in part because they haven’t been able to make the transition to dealing with the more contagious Omicron variant. Even if they recognize at the intellectual level that Omicron is different from Delta and the other variants, the politics makes it difficult to behave differently. For Xi Jinping, part of his justification for a third term is that he’s done a very good job of managing China in many dimensions, including Covid.
China isn’t a government that makes dramatic policy shifts overnight. And if they’re considering a shift in a sensitive area, they’re not going to talk about it a lot in a public manner. So “dynamic zero Covid” will be the official policy until it’s not. And as it moves to not being the official policy, this will happen quietly. The fact that the government is now becoming more serious about getting the elderly vaccinated is a sign that they know they have to transition, but they’re not going to offer a public mea culpa and say, “Oh, we made a mistake. Now we’re really going to turn dramatically in a different way.” That’s just not how it works.
Flannery: How much inconsistency is there in the implementation of the Covid policies at the local level?
Jarrett: There’s very strong consistency in that everyone is over-interpreting guidance from their superiors and being stricter than they need to be. In that sense, it’s very consistent.
People make comparisons between Shenzhen’s swift success at managing its outbreak and Shanghai’s protracted difficulties. The lesson taken by most political figures is that Shenzhen succeeded because it moved very quickly and dramatically; Shanghai took its time and tried an approach that gave consideration to economic concerns, but this unfortunately allowed the situation to get out of hand. If you’re in the standing committee in Beijing or a senior official in the capital, your conclusion is the Shenzhen model is better. As a result, that’s the approach we’re seeing used in Beijing at this time.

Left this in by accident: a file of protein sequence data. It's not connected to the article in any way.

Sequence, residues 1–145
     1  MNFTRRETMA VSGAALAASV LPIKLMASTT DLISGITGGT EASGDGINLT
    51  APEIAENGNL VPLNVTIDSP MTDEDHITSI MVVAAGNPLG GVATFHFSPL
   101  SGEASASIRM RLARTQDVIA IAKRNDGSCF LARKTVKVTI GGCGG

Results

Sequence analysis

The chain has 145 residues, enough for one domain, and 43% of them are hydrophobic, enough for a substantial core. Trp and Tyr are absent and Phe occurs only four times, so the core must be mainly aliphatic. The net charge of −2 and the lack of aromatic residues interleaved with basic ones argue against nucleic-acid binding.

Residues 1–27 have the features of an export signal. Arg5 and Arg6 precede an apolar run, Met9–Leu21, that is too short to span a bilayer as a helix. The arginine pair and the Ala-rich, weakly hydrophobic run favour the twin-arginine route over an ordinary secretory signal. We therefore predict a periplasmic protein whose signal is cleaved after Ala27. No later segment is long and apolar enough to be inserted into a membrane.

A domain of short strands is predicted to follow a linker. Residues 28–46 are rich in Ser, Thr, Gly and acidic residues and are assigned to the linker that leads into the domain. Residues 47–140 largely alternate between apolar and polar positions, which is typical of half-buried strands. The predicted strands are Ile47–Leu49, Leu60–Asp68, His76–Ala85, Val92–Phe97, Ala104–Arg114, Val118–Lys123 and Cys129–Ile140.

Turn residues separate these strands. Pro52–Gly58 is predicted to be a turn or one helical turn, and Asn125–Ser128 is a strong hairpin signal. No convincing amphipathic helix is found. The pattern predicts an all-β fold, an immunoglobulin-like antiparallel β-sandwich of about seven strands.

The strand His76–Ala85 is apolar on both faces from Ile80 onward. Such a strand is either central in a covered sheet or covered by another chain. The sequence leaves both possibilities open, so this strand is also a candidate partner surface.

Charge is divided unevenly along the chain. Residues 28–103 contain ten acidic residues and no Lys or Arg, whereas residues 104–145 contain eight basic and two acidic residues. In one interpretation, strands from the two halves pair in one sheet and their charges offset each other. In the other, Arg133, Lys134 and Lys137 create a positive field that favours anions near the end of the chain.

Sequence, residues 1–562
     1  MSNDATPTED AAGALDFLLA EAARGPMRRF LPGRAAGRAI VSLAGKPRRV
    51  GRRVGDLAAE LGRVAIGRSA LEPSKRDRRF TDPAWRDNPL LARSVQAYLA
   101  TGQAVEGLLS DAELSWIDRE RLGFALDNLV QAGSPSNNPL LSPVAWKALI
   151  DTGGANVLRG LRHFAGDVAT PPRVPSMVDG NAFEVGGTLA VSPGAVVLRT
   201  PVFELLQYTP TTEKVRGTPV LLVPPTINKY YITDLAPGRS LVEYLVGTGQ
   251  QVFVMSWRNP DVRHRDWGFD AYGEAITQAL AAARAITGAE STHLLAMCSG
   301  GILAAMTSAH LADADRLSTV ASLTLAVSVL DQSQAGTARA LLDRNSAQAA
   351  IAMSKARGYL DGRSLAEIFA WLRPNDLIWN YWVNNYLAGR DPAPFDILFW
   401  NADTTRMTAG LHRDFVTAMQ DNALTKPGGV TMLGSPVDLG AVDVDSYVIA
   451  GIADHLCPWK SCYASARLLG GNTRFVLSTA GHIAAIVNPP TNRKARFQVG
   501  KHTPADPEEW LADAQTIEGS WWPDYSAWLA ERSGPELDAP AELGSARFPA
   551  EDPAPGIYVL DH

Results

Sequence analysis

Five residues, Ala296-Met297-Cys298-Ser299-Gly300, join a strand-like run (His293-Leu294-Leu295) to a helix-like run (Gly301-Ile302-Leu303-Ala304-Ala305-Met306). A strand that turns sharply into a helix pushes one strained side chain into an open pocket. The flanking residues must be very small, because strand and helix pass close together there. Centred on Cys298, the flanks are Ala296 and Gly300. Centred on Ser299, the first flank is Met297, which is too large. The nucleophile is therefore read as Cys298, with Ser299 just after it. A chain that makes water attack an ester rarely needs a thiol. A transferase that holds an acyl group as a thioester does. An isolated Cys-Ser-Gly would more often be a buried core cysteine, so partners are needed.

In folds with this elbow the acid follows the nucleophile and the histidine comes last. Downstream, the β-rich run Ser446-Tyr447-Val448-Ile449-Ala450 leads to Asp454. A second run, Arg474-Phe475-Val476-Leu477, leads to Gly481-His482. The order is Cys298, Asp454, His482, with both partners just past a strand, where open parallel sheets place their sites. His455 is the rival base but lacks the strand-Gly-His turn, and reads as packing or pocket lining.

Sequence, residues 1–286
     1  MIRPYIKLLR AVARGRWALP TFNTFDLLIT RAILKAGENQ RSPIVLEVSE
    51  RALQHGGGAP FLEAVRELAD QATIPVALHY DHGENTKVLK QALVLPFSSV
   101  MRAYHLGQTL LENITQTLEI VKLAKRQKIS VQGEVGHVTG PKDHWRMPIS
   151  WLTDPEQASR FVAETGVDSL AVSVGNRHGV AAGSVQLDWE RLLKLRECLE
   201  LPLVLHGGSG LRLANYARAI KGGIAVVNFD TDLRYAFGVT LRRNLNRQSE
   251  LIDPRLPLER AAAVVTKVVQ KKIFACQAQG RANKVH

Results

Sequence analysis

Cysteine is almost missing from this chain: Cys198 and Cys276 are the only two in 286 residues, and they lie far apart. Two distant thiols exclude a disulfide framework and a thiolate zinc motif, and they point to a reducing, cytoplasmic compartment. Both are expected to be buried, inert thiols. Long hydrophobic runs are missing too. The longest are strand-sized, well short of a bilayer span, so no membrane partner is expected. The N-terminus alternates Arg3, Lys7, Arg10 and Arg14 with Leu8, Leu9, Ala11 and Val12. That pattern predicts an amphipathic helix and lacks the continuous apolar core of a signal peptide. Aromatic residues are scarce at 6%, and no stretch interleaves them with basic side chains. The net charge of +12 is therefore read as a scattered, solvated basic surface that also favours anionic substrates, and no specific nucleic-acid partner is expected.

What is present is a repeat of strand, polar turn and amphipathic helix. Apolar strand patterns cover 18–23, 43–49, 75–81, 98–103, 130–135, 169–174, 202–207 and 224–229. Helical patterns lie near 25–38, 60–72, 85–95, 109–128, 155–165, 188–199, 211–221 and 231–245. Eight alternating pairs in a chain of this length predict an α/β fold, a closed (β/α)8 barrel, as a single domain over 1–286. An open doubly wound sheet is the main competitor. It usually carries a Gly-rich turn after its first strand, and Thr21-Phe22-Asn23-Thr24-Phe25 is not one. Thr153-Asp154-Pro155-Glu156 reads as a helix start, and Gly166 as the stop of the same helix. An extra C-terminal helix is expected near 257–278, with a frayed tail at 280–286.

Flannery: Does any of this pose a threat to Xi Jinping’s grip on the leadership?
Jarrett: Will he have a third term? I don’t think this is going to upset that plan. However, if you’re Xi Jinping, any development that makes you look as though you’re not managing the country well is particularly unwelcome with the Party Congress
around the corner. Many people in Shanghai are unhappy and they’re sounding off. Internationally, people are scratching their heads trying to understand how a city with a strong reputation for competent management could be in such a state of crisis, including having people short of food. Many of the (video) clips of Shanghai in lockdown that made their way around the world don’t reflect well on China. Some of this does rub off on Xi Jinping. I’m sure he’s not happy with the situation. However, he’s been quite clear about what he wants Shanghai to do. Shanghai has received the message, and local officials are busy fighting the battle.
Flannery: What’s been the fallout for foreign companies?
Jarrett: The impact has been quite serious. The biggest short-term impact is on sentiment. Sentiment about China is definitely more negative, just because of how long this health crisis is lasting.
There is an industry dimension and a time dimension. On the former, you have to differentiate between manufacturing and services. For some in the services sector, this is a disaster. The hospitality industry is a good example. Keep in mind that consumption is a big driver of the Chinese economy. Even now, here in Shanghai people might be eager to consume, but the logistics network is in disarray. It’s hard to get things to people, even if they want to spend money. As for the time dimension, if you had asked me in mid-April, I would have said foreign companies were relatively optimistic that by the end of the year, they could recover (business lost in the first half). Now, even if companies do expect a recovery in the second half of the year, we see more large corporates issuing profit warnings. At this point, the expectation that companies can fully recoup in the second half has been lost.